Thursday, January 13, 2011

Reading the obituaries- Mom's not there! Me either.

This is my mom, LaVone, age 95, on her birthday, Jan. 1, 2011. The object in the foreground is an iPad, and she is speaking (and hearing) via Skype, to  her sister in Fremont, Nebraska, whose voice she hasn't heard for years because she is nearly deaf. Despite hearing aids, regular phones haven't worked for either, But here they are having a conversation!
They're both joyful/tearful.  Who says thrills end with youth?
Obits. I've been reading them forever, it seems. Always looking at the ages of demise and comparing them with my own. Now that I've reached my mid-60s, I'm seeing a lot of untimely deaths. Every day people die who are my age or younger. I don't feel old or ready to die, yet death is not uncommon at my age.  I am 66. Damn. That sounds so frickin' old! But either I am in great shape or in serious denial. I don't feel the cold fetid breath of the grim reaper. Not yet.
Fast forward to my mother, LaVone, age 95. She was born Jan. 1, 1916.
( If you think she's 94 rather than 95, let me know. There's been some heated discussion.) Hardly any obituaries feature dear departed who are her age or older. They're all dead already.
In comparison to my mom, I am dewy and fresh!

I visited her today in her nearby "independent living facility." Yeah, right. Independent. If you can plan, shop for, and clean up after, your own meals. If you can bathe unattended. If you can handle all the bullshit of insurance and taxes and hearing-aid fittings and foraging in grocery stores. If you can go anyplace on your own. None of which she can do, and shouldn't have to. And she no longer cares about any of it. What a lightening of the load!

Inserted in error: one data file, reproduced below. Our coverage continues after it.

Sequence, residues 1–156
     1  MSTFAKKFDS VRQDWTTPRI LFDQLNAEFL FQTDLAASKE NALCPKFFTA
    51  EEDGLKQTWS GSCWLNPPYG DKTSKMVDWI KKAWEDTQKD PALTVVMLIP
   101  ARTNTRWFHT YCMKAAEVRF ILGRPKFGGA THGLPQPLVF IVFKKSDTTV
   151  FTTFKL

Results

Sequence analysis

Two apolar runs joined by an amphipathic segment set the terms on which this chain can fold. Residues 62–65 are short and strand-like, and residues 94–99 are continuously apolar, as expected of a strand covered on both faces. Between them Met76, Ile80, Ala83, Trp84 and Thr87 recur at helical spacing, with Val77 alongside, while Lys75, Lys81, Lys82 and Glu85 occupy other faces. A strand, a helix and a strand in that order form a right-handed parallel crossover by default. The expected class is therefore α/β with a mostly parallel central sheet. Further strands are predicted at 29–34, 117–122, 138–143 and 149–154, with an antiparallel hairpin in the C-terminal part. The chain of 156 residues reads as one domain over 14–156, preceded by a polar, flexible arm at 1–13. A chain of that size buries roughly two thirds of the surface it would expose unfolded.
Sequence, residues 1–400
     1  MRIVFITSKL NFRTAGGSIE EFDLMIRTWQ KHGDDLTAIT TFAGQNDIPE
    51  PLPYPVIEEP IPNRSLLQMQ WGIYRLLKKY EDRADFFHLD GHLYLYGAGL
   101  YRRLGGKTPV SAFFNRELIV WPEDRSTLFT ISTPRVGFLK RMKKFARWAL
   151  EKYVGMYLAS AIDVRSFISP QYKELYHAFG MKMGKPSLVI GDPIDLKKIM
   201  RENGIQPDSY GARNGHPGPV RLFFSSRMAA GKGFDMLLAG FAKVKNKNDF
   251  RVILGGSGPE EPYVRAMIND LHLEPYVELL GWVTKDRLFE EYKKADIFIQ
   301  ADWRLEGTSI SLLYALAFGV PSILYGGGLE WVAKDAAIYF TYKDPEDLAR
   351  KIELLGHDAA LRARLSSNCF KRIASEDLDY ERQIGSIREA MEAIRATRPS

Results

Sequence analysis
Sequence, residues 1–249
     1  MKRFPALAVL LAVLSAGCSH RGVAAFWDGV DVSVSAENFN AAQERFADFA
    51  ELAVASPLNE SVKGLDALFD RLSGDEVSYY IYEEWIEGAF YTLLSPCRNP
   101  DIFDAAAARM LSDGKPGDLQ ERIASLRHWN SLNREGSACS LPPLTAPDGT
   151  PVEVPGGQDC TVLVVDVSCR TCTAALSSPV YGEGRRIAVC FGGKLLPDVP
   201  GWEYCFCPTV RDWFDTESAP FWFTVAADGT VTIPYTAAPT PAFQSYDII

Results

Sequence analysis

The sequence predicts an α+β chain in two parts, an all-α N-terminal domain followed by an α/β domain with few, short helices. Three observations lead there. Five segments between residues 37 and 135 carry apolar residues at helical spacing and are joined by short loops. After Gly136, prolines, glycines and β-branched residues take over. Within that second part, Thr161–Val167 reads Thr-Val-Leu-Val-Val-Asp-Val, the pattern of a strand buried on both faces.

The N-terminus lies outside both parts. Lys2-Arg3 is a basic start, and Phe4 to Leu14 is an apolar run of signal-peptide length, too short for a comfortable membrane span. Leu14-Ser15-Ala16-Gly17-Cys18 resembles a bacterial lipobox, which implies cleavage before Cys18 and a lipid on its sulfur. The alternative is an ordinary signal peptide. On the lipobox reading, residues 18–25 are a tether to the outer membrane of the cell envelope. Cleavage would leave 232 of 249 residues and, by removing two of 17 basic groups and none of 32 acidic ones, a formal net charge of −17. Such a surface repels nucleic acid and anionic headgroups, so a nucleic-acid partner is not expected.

I wish I would have had my camera today. She was with her "hair designer", previously known as a "beauty operator." She was having her nails done, which included a luxury hand and arm massage, which I highly envied. After that was scheduled an even more massage-intensive pedicure, and then a hair trim. These ministrations were going to occupy most of her afternoon. Then she would retire to her apartment to rest a bit before taking the elevator to the dining room to enjoy a chef-prepared repast. Then, perhaps to play dominoes or bunco or bingo or one of the activities her Level 1 facility has arranged for her. Or maybe she'll just retreat to her apartment and sleep in her "dump chair", which she vastly prefers to her fancy hospital-type bed.

My afternoon, on the other hand, included ensuring that her VA benefit continues, that my clients are tended to, that PK and I are fed, and that the cat gets his broasted chicken leg. I would have liked some pampering. My day will come. My mom's day is here at last. Bless her.